Man who helped kill friend's mother in Highlands Ranch as a teen gets clemency

Polis commutes sentence of Erik Jensen, who was 17 at time of 1998 Highlands Ranch crime

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Erik Jensen speaks emotionally about sitting just feet away from his friend's mother as she was dying, and deciding not to save her.

In a court hearing in May, more than 20 years after the crime, Jensen said: “I have to add value to the life that Julie Ybanez had.”

Nathan Ybanez was convicted of killing his mother in 1998 in her Highlands Ranch apartment at age 16. Jensen was 17 at the time of the crime. Ybanez has said his parents emotionally, physically and sexually abused him. Former Gov. John Hickenlooper granted him a commutation that makes him eligible for parole in December 2020, citing Ybanez's positive conduct as an inmate.

But Jensen didn't receive that chance at freedom — until now.

Jensen is one of eight people who received clemency from Gov. Jared Polis, his office announced in a Dec. 23 news release.

“As of the date of this letter, you have served over 21 years in prison,” Polis wrote in a Dec. 20 letter to Jensen. “The crimes you were convicted of are serious. Nonetheless, I believe you deserve parole for several reasons.”

Jensen assisted Ybanez in a physical struggle that ended with Ybanez strangling his mother. Jensen also helped him clean up the crime scene afterward.

Jensen was sentenced to life in prison without parole in 1999. Since then, he has earned an associate's degree and further pursued a bachelor's degree, co-founded a faith-based counseling program for inmates, started a CrossFit addiction-recovery program, and even pursued interests in art and physics, Polis' letter noted. Jensen has been known to help when inmates have mental health challenges, according to the May court hearing.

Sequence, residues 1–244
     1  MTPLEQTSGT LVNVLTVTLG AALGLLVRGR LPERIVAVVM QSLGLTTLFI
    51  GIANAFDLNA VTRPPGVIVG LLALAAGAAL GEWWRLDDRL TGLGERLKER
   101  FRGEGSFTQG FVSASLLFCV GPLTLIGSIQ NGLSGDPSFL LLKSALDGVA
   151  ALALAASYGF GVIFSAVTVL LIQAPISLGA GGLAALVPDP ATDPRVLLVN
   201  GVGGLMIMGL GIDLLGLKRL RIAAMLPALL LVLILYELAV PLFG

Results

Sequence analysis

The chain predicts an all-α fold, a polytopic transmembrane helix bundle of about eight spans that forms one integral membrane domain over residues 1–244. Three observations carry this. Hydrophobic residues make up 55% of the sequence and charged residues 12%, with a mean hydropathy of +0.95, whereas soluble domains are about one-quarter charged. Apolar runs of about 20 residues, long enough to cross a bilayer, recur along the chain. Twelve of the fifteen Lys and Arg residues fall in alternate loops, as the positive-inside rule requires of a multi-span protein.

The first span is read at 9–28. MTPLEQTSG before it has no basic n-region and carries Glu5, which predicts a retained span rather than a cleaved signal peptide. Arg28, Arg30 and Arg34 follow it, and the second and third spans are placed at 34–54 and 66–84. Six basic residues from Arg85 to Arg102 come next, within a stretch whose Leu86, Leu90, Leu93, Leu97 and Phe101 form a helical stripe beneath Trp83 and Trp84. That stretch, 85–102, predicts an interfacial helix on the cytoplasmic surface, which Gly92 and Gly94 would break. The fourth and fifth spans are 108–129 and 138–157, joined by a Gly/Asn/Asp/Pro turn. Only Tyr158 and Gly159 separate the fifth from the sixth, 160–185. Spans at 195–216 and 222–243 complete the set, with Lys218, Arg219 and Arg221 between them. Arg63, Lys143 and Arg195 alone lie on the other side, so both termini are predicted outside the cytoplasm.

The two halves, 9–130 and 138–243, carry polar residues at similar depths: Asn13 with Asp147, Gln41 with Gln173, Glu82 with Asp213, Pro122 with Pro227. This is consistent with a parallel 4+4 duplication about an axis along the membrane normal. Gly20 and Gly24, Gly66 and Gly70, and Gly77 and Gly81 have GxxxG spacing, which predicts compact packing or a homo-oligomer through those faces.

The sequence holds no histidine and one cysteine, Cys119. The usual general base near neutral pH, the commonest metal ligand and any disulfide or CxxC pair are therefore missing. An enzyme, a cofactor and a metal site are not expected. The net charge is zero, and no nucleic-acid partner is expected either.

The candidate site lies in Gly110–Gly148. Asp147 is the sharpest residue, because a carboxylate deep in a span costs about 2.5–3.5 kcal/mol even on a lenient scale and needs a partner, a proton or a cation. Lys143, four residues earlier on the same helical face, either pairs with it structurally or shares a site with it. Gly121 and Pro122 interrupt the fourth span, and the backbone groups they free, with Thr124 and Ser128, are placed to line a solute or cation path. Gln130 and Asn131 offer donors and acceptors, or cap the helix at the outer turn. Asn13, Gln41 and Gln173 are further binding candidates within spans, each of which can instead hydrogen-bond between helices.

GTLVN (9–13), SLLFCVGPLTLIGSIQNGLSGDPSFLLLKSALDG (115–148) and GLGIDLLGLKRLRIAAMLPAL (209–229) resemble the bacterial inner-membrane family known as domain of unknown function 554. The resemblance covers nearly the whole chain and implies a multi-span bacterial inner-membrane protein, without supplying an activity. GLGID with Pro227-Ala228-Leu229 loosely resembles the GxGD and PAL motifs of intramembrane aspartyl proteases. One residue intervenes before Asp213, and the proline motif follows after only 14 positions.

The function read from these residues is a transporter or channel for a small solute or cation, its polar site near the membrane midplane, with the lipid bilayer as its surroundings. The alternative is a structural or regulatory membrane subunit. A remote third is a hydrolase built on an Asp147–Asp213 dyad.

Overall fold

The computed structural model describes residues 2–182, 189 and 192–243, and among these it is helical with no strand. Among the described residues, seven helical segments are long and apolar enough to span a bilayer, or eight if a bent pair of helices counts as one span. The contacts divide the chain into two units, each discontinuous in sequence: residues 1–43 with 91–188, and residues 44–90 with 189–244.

“Your case manager described you as a model inmate and testified that he would have no concerns if you were to move in next door to him,” Polis' letter said.

In the Douglas County District Court hearing in May, a judge decided Jensen would be resentenced to life with the possibility of parole after 40 years.

Polis' commutation means Jensen was to be eligible for parole immediately and must be released by March 1. Polis commuted his sentence to 25 years' imprisonment. The sentence began in 1999, so Jensen had served about 20 years and faced about 20 more, before Polis' order.

The court's May 22 sentence was mandatory based on a 2018 Colorado Supreme Court ruling that upheld a law allowing judges to reduce life sentences without parole for inmates who committed crimes as juveniles.

At that hearing, speakers presented an overarching message that the state Legislature should give judges the discretion to be even more lenient for those who offend as juveniles, with at least one referencing the arc of juvenile brain development and how Jensen improved himself.

Jensen spoke at that court proceeding, too, espousing lofty ideals about the value of people's lives continuing after they die, about holding each other accountable and “really, really loving each other.”

“I want to be a part of that,” Jensen said at the time.

In deciding to commute Jensen's sentence, Polis also considered that Jensen has taken “full accountability” for his actions and has a “strong support network” of family and friends to help him transition from prison.

Polis also granted commutations to William Hoover Jr. and Abron Arrington, and he granted pardons to Eric Edelstein, John Furniss, Brandon Burke, Jamie Matthews and Ingrid Encalada LaTorre, according to the news release.

“These decisions were not taken lightly and were made after careful consideration of each individual case,” Polis said in the release. “These are people looking for a second chance and the opportunity to move beyond the mistakes from their past. They have taken important steps to turn their lives around and shown remorse for their actions.”

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